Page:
Treino em esteira com suporte parcial de peso associado à estimulação elétrica funcional melhora a marcha de hemiparéticos crônicos e efeitos da inclinação da esteira na marcha de sujeitos hemiparéticos.
Lindquist, Ana Raquel Rodrigues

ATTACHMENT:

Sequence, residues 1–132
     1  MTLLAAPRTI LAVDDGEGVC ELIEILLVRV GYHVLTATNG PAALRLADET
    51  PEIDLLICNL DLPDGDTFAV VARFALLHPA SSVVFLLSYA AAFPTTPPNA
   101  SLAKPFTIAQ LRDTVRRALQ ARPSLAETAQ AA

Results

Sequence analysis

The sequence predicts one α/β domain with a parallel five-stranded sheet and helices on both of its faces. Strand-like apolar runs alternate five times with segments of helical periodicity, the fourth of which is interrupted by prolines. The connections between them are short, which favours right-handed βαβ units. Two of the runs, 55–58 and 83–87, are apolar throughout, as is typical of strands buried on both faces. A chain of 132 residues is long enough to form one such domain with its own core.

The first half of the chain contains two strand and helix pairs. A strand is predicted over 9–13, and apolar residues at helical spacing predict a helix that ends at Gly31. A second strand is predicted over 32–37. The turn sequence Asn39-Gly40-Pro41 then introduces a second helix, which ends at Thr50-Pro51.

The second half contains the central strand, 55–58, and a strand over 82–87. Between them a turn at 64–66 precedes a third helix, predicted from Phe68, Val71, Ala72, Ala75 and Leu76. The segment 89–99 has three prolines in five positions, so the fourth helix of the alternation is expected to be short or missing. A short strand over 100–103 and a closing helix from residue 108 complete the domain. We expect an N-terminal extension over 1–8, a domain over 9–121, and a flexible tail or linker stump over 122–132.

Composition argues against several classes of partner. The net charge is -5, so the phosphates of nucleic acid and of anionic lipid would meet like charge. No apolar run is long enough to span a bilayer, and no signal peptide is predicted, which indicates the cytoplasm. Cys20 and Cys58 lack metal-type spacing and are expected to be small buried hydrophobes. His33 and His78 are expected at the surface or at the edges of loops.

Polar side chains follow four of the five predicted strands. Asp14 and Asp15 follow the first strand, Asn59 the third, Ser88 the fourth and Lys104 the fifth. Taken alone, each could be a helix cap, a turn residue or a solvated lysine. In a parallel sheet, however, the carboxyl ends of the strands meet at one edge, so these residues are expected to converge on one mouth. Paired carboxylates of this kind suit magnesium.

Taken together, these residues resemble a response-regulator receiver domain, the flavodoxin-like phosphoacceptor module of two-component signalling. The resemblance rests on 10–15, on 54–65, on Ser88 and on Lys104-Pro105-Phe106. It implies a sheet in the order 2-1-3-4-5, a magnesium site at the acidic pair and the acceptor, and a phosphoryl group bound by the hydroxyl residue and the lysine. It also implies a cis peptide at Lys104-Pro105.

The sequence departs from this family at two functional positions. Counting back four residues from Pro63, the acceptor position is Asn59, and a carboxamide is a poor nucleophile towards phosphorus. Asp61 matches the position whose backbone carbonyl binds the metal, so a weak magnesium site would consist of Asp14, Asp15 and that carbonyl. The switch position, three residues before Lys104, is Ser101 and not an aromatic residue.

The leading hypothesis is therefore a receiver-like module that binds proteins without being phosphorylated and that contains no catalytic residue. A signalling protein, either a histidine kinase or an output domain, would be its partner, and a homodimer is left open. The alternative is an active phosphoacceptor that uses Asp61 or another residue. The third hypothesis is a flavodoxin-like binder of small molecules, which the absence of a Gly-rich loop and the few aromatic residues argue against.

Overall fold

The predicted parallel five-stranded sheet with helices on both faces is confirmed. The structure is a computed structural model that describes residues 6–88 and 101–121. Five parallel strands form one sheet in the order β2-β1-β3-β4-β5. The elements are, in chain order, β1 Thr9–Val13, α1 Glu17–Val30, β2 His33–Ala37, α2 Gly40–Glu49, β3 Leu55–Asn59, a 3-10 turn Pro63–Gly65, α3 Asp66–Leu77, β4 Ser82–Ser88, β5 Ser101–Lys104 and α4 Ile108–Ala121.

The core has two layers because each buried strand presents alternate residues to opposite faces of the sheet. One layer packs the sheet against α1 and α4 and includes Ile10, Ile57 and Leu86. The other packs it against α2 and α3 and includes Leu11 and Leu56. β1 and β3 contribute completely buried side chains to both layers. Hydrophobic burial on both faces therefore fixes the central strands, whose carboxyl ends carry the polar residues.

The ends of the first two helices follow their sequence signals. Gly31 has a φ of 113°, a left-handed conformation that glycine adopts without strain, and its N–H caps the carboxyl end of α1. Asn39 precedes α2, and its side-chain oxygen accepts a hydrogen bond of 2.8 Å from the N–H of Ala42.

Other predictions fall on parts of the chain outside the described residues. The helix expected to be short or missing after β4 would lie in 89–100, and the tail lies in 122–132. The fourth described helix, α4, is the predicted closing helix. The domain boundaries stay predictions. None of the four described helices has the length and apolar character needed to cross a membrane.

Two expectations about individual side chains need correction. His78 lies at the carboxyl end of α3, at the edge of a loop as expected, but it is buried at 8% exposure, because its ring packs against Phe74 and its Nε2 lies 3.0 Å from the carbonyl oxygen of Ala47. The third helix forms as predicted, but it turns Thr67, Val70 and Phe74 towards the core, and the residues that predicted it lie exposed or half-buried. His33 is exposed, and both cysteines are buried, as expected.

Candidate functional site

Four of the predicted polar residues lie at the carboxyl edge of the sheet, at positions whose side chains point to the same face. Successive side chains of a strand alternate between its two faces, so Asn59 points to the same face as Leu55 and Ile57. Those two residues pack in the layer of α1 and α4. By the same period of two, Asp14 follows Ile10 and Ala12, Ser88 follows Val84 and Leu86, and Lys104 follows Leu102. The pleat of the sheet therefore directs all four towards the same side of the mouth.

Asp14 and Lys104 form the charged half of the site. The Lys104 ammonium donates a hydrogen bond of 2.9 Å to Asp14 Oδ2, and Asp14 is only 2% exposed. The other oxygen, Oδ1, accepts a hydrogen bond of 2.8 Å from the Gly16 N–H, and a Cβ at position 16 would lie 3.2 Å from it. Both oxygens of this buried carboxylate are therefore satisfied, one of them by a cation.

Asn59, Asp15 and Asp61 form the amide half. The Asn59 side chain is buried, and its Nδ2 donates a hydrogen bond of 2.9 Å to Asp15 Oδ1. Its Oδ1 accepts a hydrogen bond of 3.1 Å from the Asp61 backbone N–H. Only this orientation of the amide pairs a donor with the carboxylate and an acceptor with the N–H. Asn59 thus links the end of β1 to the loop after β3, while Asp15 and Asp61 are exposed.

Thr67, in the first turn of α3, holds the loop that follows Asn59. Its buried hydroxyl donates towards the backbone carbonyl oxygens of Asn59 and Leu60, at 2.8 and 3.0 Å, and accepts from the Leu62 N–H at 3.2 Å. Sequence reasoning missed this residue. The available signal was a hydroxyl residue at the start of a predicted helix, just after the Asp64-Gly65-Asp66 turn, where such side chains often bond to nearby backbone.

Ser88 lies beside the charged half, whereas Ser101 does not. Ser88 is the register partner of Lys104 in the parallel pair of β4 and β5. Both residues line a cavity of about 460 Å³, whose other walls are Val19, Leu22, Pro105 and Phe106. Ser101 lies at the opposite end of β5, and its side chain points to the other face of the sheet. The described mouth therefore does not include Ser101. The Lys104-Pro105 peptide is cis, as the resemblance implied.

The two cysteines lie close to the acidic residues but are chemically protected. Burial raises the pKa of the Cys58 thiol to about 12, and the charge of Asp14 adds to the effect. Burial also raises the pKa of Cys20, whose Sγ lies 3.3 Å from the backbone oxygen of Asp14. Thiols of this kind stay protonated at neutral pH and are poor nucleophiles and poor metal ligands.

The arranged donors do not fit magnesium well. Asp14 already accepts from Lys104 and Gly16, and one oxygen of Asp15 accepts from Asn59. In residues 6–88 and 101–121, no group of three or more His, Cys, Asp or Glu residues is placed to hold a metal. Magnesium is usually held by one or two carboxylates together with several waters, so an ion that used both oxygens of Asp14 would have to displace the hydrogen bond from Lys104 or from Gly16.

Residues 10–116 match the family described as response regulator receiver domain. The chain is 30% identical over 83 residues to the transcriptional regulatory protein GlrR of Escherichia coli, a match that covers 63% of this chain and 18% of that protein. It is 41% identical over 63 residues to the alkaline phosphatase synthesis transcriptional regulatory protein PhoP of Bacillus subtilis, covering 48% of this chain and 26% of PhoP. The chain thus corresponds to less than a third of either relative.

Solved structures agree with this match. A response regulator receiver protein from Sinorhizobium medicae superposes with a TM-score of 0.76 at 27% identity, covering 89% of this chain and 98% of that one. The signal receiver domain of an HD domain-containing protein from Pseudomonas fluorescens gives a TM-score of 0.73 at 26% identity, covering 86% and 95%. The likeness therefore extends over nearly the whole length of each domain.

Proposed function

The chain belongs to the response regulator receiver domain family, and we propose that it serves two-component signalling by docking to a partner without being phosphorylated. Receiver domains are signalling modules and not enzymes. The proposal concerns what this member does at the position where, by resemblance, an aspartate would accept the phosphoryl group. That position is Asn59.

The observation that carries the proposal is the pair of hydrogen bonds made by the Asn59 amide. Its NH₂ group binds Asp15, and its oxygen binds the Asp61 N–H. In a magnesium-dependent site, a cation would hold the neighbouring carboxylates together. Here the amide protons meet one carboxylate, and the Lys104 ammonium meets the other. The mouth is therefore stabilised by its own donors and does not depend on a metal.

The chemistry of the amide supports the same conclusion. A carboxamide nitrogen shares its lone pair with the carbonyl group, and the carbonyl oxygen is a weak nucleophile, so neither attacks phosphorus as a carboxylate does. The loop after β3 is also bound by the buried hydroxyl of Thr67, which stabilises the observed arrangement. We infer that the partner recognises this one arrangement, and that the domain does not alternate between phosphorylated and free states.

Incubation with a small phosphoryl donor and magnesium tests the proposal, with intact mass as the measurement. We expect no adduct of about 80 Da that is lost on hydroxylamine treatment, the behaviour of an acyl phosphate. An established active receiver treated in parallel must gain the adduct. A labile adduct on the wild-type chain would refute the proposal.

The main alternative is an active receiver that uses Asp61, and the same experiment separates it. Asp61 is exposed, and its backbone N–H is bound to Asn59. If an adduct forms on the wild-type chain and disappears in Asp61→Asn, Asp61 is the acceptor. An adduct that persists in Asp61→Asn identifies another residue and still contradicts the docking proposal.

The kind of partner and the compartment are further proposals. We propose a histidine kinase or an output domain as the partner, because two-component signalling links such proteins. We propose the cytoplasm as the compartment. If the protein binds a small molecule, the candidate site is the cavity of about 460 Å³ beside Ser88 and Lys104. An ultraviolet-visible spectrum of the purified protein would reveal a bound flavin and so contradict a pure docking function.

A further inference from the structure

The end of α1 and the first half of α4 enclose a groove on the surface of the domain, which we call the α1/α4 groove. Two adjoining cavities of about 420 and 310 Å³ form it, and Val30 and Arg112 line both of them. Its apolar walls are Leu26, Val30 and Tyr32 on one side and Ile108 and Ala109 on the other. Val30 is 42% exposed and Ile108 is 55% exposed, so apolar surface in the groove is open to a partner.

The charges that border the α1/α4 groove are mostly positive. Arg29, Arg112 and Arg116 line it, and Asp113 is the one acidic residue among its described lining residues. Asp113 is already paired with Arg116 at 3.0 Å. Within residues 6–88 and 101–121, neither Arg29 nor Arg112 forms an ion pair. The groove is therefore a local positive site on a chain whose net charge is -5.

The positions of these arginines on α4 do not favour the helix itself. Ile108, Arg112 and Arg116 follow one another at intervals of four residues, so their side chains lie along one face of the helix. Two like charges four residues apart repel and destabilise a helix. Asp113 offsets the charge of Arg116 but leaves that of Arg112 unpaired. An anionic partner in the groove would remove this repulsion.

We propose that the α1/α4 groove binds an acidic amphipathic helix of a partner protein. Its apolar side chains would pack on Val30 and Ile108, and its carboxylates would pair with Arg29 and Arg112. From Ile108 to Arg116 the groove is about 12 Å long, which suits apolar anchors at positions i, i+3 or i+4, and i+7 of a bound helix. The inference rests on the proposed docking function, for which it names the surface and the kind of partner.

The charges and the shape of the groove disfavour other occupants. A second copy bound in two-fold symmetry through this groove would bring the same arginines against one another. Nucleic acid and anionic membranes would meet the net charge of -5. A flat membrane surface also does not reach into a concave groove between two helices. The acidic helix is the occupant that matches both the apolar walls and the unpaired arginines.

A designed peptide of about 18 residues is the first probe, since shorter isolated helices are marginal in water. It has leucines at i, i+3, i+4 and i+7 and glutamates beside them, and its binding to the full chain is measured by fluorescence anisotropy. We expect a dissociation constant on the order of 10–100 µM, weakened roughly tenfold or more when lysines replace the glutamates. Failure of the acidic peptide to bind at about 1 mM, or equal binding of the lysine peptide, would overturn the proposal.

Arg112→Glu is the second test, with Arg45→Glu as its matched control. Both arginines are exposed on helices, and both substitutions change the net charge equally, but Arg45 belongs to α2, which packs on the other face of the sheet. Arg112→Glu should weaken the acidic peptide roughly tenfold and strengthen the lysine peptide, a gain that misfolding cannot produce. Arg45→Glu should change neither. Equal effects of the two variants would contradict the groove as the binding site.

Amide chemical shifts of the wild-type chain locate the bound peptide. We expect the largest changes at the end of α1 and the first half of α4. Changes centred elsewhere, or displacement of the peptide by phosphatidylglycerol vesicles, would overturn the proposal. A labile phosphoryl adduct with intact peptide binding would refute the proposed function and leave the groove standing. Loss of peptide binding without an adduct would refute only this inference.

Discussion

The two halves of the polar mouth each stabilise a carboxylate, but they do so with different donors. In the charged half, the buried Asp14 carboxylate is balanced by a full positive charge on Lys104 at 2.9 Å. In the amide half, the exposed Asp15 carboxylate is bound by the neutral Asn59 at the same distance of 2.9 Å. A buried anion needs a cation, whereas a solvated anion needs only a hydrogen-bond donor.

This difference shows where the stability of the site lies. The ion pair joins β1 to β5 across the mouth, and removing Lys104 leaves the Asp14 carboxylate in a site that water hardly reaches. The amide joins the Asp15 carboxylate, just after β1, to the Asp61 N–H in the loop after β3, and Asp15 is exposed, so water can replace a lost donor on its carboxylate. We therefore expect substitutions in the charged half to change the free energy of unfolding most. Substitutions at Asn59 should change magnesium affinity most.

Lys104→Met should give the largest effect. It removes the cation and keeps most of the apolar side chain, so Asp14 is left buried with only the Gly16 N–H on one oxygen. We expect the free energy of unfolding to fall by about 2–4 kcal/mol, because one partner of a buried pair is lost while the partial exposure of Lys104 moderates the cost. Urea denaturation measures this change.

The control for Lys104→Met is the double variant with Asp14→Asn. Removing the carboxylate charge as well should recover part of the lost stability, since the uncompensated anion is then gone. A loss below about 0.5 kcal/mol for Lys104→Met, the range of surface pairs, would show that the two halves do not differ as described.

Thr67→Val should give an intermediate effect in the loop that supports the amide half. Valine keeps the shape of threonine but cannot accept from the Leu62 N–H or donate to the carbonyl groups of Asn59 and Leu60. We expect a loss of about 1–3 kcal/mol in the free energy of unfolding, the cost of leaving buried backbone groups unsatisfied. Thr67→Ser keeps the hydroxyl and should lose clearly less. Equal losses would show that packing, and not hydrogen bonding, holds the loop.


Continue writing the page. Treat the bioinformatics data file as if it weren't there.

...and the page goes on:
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The purpose of this study was to evaluate the effect of the combined use of functional electrical stimulation (FES) and treadmill training with body weight support (BWS) in walking functions and voluntary limb control in chronic hemiparetic patients. Eight hemiparetic individuals (mean age, 56.6 ± 10.26 years) were evaluated in the present clinical trial. The stroke interval was 17.3 ± 10.9 months. The stroke etiology of the subjects was ischemia (75%) or haemorrhage (25%) in the middle cerebral artery region. An A1-B-A2 single-case study design was applied. Phases A1 and A2: three weeks of gait training on a treadmill with body weight support, and phase B: three weeks of treadmill training plus FES. FES was applied to the peroneal nerve to improve ankle dorsiflexion during the swing phase and heel strike on the initial floor contact. Stroke Rehabilitation Assessment of Movement (STREAM, 0-60) was used to assess motor recovery. Kinematical analysis was used to assess cycle length (m); cycle duration (s); gait velocity (m/s); stance duration (s); swing duration (s) and cadence (steps/min). The results showed substantial improvement in the motor functions during phase B (from 54.9% to 71.0%). The space-temporal variables of cycle duration, stance and cycle cadence as well as cycle symmetry presented improvements when compared to treadmill training with BWS but without FES (p<0.01). The combined use of FES and treadmill training with BWS promoted an improvement in the motor recovery and gait pattern of hemiparetic subjects and could be used during gait rehabilitation. The purpose of this study was to investigate the effects of uphill treadmill inclination in the gait of ambulatory subjects with hemiparesis. Fourteen individuals (mean age 64.3±14.56 years) were evaluated in the present trial. The stroke etiology of the subjects was supratentorial ischemia (12 cases) or haemorrhage (2 cases). Gait analysis was performed during each experimental condition (floor walking and uphill treadmill walking of 0, 2, 4, 6 and 8%). The space-temporal variables, gait line, cyclogram, force graphs and vertical ground reaction forces during initial contact, midstance and toe-off, and muscular activity were recorded by Infotronic Ultraflex System. Muscular activity recordings were obtained for the following muscles on the subjects paretic side: tibialis anterior, medial belly of gastrocnemius, biceps femoris, vastus lateralis, vastus medialis, gluteus medius and erector spinae. Heart rate was also monitored during each experimental condition. The results showed that uphill treadmill improved the heart rate from 82.6±11.0 bpm to 97.7±20.2 bpm as the treadmill inclination improved to 8%. Spacetemporal variables were not significantly affected by the uphill walking while velocity remained steady. EMG amplitude of gastrocnemius decreased while vastus lateralis and biceps femoris increased with slope. We conclude that treadmill inclination would have some beneficial effect on the subjects general fitness and could be used during stroke rehabilitation when the patient motor condition does not allow the increase of gait velocity. However, gait ability in stroke patients changes within certain limits during uphill treadmill.